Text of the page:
Last week I looked at Chipper Jones‘s first-pitch aggressiveness. This aggressiveness is a little surprising because Jones has extraordinary plate discipline, with more walks than strikeouts in his career. Jones explained it as a way to not get behind good pitchers. It turned out this was the correct, as Jones swung more often against first pitches in the zone from low-xFIP pitchers than high-xFIP pitchers. On subsequent pitches in the zone this relationship was lost and he swung at a relatively constant rate.
This result led to a number of natural questions the two most pressing: how does this compare to other hitters and how much of a role does it play in Jones’s success?
Here I address the first question. I repeated the graph from Thursday for all batters rather than just for Jones. That is, I looked at the Z-Swing rate (swings at pitches in the zone) for first pitches and subsequent pitches based on the pitcher’s xFIP. The curves are below with standard errors indicated. For comparison, I added Jones’s curves as dotted lines but omitted his standard errors to keep the graph from being too cluttered.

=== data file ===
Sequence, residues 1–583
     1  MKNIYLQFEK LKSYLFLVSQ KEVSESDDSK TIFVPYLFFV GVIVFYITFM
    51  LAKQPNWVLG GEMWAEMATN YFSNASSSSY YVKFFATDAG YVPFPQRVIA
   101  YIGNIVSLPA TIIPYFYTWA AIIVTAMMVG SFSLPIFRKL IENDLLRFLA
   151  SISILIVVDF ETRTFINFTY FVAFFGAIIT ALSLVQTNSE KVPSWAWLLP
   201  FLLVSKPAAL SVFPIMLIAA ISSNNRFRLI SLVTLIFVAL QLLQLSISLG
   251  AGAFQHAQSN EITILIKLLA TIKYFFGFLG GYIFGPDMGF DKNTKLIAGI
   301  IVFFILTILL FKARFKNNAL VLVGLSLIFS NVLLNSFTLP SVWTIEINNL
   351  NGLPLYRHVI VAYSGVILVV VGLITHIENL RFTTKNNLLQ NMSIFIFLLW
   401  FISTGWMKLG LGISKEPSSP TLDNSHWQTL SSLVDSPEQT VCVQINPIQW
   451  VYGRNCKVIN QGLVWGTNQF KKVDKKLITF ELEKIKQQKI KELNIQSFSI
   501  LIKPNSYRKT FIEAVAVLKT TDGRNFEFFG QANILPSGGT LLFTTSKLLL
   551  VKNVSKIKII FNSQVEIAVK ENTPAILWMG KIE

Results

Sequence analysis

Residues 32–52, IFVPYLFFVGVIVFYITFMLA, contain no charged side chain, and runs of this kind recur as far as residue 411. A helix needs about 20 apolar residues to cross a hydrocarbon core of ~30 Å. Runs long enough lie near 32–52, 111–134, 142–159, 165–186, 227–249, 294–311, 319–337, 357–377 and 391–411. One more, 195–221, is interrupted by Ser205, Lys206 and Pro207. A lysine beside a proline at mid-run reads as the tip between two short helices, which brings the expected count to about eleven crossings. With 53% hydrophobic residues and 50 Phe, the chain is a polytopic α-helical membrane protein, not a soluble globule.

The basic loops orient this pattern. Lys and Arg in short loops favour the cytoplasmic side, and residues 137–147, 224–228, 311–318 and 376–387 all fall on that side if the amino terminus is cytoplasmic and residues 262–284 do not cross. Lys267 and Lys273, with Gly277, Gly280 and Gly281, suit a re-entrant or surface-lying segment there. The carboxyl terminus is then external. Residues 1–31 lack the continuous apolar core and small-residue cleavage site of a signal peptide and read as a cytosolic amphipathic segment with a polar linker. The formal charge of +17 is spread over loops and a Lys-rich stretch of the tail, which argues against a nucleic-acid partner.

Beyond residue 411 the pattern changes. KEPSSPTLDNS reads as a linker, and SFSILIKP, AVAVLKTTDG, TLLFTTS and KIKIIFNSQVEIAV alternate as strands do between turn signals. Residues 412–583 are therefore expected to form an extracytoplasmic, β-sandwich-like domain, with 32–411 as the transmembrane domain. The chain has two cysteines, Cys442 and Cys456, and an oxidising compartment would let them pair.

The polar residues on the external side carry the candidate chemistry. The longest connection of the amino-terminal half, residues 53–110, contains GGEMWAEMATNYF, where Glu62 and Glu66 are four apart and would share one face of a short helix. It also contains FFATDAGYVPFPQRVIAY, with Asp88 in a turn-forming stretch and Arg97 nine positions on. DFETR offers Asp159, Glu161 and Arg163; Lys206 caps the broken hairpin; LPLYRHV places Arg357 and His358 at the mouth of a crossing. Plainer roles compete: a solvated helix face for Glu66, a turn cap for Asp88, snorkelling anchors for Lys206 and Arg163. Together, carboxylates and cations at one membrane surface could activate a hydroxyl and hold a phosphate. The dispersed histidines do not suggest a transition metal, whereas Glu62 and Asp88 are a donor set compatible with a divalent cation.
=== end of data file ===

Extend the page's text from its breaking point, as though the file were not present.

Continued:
There is a striking difference. The average hitter swings much less often at first pitches than all others, but with no discernible trend based on the quality of the pitcher. This is very different from Jones’s first-pitch curve, which drops off rapidly as the pitcher xFIP increases. On subsequent pitches, the average hitter’s swing rate increases compared to his first-pitch rate, but again has little relationship with the xFIP of the pitcher. Here, Jones is not different than average.
So it looks like the average batter is not making the same effort as Jones to not get behind the best pitchers. This is surprising. I thought we would have seen this trend — just to a lesser extent — with all hitters, but that is not the case. Tomorrow I will look at the effect this has on at-bat results.
Print This Post